bogomips: 107520
  Flags: avx avx2 ht lm nx pae sse sse2 sse3 sse4_1 sse4_2 ssse3 vmx
Graphics:
  Device-1: Intel Alder Lake-P GT2 [Iris Xe Graphics] vendor: Lenovo
    driver: i915 v: kernel arch: Gen-12.2 ports: active: eDP-1 empty: DP-1,DP-2
    bus-ID: 00:02.0 chip-ID: 8086:46a6
  Device-2: NVIDIA GA104M [GeForce RTX 3070 Mobile / Max-Q] vendor: Lenovo
    driver: nvidia v: 545.29.06 arch: Ampere pcie: speed: 2.5 GT/s lanes: 8
    bus-ID: 01:00.0 chip-ID: 10de:24dd
  Device-3: Chicony [] driver: uvcvideo type: USB rev: 2.0 speed: 480 Mb/s
    lanes: 1 bus-ID: 3-6:4 chip-ID: 04f2:b67d
  Display: wayland server: X.org v: 1.20.14 with: Xwayland v: 23.2.3
    compositor: gnome-shell driver: gpu: i915 display-ID: 0
  Monitor-1: eDP-1 model: BOE Display 0x0a1f res: 2560x1600 dpi: 189
    diag: 406mm (16")
  API: EGL Message: EGL data requires eglinfo. Check --recommends.
Audio:
  Device-1: Intel Alder Lake PCH-P High Definition Audio vendor: Lenovo
    driver: snd_hda_intel v: kernel bus-ID: 00:1f.3 chip-ID: 8086:51c8
  Device-2: NVIDIA GA104 High Definition Audio vendor: Lenovo
    driver: snd_hda_intel v: kernel pcie: speed: 2.5 GT/s lanes: 8
    bus-ID: 01:00.1 chip-ID: 10de:228b
  API: ALSA v: k6.6.7-200.fc39.x86_64 status: kernel-api
  Server-1: PipeWire v: 1.0.0 status: active with: 1: pipewire-pulse
    status: active 2: wireplumber status: active 3: pipewire-alsa type: plugin
    4: pw-jack type: plugin
Network:
  Device-1: Intel Alder Lake-P PCH CNVi WiFi driver: iwlwifi v: kernel
    bus-ID: 00:14.3 chip-ID: 8086:51f0
  IF: wlp0s20f3 state: up mac: <filter>
  Device-2: Realtek RTL8111/8168/8411 PCI Express Gigabit Ethernet
    vendor: Lenovo driver: r8169 v: kernel pcie: speed: 2.5 GT/s lanes: 1
    port: 3000 bus-ID: 34:00.0 chip-ID: 10ec:8168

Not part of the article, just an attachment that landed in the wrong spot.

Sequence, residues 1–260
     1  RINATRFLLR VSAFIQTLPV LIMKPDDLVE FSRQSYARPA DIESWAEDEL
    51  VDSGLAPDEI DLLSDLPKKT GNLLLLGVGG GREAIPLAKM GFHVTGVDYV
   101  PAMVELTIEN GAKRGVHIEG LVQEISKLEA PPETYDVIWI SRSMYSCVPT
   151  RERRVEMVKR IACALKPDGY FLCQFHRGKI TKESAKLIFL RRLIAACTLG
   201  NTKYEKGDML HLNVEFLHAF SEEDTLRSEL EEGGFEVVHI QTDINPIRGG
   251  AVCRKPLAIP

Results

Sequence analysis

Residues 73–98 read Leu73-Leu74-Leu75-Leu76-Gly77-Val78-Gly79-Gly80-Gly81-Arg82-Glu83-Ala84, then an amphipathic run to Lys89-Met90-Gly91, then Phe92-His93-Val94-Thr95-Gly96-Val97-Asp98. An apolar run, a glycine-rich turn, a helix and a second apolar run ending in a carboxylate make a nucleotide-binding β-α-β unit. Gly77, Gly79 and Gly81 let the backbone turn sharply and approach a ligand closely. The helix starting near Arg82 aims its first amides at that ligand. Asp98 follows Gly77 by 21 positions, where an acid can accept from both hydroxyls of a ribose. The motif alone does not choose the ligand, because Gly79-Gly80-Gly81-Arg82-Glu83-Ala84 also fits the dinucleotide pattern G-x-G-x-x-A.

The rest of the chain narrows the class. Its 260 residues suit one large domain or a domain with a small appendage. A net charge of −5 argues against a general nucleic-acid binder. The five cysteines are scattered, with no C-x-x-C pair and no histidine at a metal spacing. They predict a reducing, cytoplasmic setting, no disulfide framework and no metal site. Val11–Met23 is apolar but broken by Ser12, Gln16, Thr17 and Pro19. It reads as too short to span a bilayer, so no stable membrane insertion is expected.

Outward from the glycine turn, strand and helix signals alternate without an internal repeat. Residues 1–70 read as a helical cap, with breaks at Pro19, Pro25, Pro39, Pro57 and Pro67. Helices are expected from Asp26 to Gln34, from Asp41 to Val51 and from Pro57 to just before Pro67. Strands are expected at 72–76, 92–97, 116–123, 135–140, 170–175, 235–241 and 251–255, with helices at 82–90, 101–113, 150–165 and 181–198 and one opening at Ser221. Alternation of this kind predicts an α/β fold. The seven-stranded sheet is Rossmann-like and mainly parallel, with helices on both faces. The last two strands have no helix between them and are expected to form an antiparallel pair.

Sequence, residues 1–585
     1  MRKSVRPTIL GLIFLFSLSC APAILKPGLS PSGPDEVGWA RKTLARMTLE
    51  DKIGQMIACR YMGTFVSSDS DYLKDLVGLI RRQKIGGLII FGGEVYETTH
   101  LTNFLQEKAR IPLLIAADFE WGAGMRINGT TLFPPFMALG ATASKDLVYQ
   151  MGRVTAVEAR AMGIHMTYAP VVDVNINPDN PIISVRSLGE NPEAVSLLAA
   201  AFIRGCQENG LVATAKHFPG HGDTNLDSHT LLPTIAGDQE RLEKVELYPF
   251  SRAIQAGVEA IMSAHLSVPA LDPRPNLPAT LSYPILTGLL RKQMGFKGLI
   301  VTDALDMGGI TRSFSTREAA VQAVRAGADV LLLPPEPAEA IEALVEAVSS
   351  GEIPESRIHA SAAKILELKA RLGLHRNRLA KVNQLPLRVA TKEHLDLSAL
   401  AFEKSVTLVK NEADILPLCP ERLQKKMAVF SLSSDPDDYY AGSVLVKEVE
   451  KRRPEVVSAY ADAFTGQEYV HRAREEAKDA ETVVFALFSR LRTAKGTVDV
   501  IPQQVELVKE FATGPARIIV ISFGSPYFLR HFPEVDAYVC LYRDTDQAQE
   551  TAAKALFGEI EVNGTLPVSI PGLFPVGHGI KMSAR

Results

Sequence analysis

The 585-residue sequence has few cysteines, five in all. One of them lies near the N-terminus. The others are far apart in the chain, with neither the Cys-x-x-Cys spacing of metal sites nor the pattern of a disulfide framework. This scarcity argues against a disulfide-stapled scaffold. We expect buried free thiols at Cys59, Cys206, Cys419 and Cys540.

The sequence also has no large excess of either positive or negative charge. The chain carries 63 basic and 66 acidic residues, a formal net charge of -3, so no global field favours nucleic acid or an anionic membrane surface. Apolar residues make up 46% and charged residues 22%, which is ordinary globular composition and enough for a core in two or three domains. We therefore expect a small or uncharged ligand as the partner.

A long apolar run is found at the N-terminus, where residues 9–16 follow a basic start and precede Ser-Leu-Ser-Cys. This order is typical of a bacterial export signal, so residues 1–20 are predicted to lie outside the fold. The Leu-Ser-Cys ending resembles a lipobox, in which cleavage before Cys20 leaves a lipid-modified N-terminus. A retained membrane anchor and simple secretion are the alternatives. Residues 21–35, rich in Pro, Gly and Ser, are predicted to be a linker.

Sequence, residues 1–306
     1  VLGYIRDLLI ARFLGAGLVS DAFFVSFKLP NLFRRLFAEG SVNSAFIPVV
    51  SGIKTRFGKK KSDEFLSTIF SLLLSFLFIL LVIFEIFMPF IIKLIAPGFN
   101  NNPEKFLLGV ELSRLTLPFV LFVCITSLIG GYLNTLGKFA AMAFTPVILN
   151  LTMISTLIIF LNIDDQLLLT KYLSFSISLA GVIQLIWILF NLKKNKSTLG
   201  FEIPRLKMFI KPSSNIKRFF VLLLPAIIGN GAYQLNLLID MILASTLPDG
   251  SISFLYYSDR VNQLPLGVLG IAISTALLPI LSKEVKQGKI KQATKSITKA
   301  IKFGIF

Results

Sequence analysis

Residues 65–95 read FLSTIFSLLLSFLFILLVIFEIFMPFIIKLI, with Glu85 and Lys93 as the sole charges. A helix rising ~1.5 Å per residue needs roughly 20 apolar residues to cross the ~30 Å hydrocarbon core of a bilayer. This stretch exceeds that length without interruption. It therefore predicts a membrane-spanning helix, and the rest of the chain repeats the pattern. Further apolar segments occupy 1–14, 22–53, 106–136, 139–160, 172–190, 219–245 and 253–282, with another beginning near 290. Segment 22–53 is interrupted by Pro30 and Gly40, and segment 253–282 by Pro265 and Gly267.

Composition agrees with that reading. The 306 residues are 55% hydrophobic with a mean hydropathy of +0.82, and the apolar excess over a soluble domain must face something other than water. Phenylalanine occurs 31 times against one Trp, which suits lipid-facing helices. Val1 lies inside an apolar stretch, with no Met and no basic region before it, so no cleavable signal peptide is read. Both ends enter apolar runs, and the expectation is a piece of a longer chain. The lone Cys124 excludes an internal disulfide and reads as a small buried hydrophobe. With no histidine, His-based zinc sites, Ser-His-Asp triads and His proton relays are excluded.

IF: enp52s0 state: down mac: <filter>
Bluetooth:
  Device-1: Intel AX211 Bluetooth driver: btusb v: 0.8 type: USB rev: 2.0
    speed: 12 Mb/s lanes: 1 bus-ID: 3-10:7 chip-ID: 8087:0033
  Report: btmgmt ID: hci0 rfk-id: 2 state: down bt-service: enabled,running
    rfk-block: hardware: no software: yes address: <filter> bt-v: 5.3 lmp-v: 12
Drives:
  Local Storage: total: 942.7 GiB used: 176.88 GiB (18.8%)
  ID-1: /dev/nvme0n1 vendor: Samsung model: SSD 970 EVO Plus 500GB
    size: 465.76 GiB speed: 31.6 Gb/s lanes: 4 serial: <filter> temp: 37.9 C
  ID-2: /dev/nvme1n1 vendor: Samsung model: MZVL2512HCJQ-00BL2
    size: 476.94 GiB speed: 63.2 Gb/s lanes: 4 serial: <filter> temp: 43.9 C
Partition:
  ID-1: / size: 464.17 GiB used: 176.69 GiB (38.1%) fs: btrfs
    dev: /dev/nvme0n1p3
  ID-2: /boot size: 973.4 MiB used: 132.7 MiB (13.6%) fs: ext4
    dev: /dev/nvme0n1p2
  ID-3: /boot/efi size: 598.8 MiB used: 63.3 MiB (10.6%) fs: vfat
    dev: /dev/nvme0n1p1
  ID-4: /home size: 464.17 GiB used: 176.69 GiB (38.1%) fs: btrfs
    dev: /dev/nvme0n1p3
Swap:
  ID-1: swap-1 type: zram size: 8 GiB used: 210.8 MiB (2.6%) priority: 100
    dev: /dev/zram0
Sensors:
  System Temperatures: cpu: 38.0 C mobo: N/A
  Fan Speeds (rpm): N/A
Info:
  Processes: 942 Uptime: 20m Memory: total: 16 GiB note: est.
  available: 15.35 GiB used: 8.64 GiB (56.3%) Init: systemd v: 254
  target: graphical (5) default: graphical Compilers: gcc: 13.2.1 Packages:
  pm: rpm pkgs: N/A note: see --rpm pm: flatpak pkgs: 106 Shell: Bash
  v: 5.2.21 running-in: kgx inxi: 3.3.31

Sorry for the misunderstanding.
It seems that you may be in a situation where the hardware config is preventing use of both devices or rather both usb-c and internal and hdmi external monitors at the same time.

I have not dealt with a machine configured like yours in the past.

I have seen optimus machines that had the dGPU dedicated to the external port (hdmi) and the iGPU dedicated to the laptop screen in the default config. which forced the use of 2 GPUs to manage both screens at the same time.

In those cases, and only when using xorg, it was possible to have the dGPU manage output to both screens if one simply copied the /usr/share/X11/xorg.conf.d/nvidia.conf file to /etc/X11/xorg.conf.d/nvidia.conf then log in using the xorg desktop and nvidia was able to access both screens. I have no certainty but this may also work in your situation.

No worries. I’m not the only one with this configuration (Intel + NVIDIA in Optimus mode)… I guess I’ve just to wait for someone that had the same problem, or knows how to solve this problem.

It may, of course, be some kind of incopatibility, VBIOS issue, and so on, by Lenovo. I guess we will never know.

I’ll try a fresh install first, than Debian and see what happen :slight_smile: